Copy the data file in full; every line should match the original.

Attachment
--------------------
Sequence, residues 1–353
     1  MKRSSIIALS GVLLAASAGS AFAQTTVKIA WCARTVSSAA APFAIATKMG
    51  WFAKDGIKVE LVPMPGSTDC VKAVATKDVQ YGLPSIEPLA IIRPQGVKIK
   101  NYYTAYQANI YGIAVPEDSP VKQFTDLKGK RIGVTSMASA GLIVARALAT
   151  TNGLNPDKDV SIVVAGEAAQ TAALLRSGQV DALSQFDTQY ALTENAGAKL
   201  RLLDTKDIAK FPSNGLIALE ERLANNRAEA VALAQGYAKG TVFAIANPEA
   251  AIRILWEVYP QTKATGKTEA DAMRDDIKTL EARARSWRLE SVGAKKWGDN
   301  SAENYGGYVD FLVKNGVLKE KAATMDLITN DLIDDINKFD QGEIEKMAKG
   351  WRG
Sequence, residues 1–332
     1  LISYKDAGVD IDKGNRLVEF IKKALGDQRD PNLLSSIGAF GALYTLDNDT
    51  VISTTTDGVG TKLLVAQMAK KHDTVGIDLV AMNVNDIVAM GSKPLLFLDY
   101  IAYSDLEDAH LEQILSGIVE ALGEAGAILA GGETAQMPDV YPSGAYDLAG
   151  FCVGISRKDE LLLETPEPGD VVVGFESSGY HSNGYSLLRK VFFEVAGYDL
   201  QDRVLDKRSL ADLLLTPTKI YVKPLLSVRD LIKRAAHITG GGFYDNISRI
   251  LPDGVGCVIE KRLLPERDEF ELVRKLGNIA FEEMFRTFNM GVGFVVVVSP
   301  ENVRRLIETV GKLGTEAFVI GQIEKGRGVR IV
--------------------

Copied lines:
Sequence, residues 1–353
     1  MKRSSIIALS GVLLAASAGS AFAQTTVKIA WCARTVSSAA APFAIATKMG
    51  WFAKDGIKVE LVPMPGSTDC VKAVATKDVQ YGLPSIEPLA IIRPQGVKIK
   101  NYYTAYQANI YGIAVPEDSP VKQFTDLKGK RIGVTSMASA GLIVARALAT
   151  TNGLNPDKDV SIVVAGEAAQ TAALLRSGQV DALSQFDTQY ALTENAGAKL
   201  RLLDTKDIAK FPSNGLIALE ERLANNRAEA VALAQGYAKG TVFAIANPEA
   251  AIRILWEVYP QTKATGKTEA DAMRDDIKTL EARARSWRLE SVGAKKWGDN
   301  SAENYGGYVD FLVKNGVLKE KAATMDLITN DLIDDINKFD QGEIEKMAKG
   351  WRG
Sequence, residues 1–332
     1  LISYKDAGVD IDKGNRLVEF IKKALGDQRD PNLLSSIGAF GALYTLDNDT
    51  VISTTTDGVG TKLLVAQMAK KHDTVGIDLV AMNVNDIVAM GSKPLLFLDY
   101  IAYSDLEDAH LEQILSGIVE ALGEAGAILA GGETAQMPDV YPSGAYDLAG
   151  FCVGISRKDE LLLETPEPGD VVVGFESSGY HSNGYSLLRK VFFEVAGYDL
   201  QDRVLDKRSL ADLLLTPTKI YVKPLLSVRD LIKRAAHITG GGFYDNISRI
   251  LPDGVGCVIE KRLLPERDEF ELVRKLGNIA FEEMFRTFNM GVGFVVVVSP
   301  ENVRRLIETV GKLGTEAFVI GQIEKGRGVR IV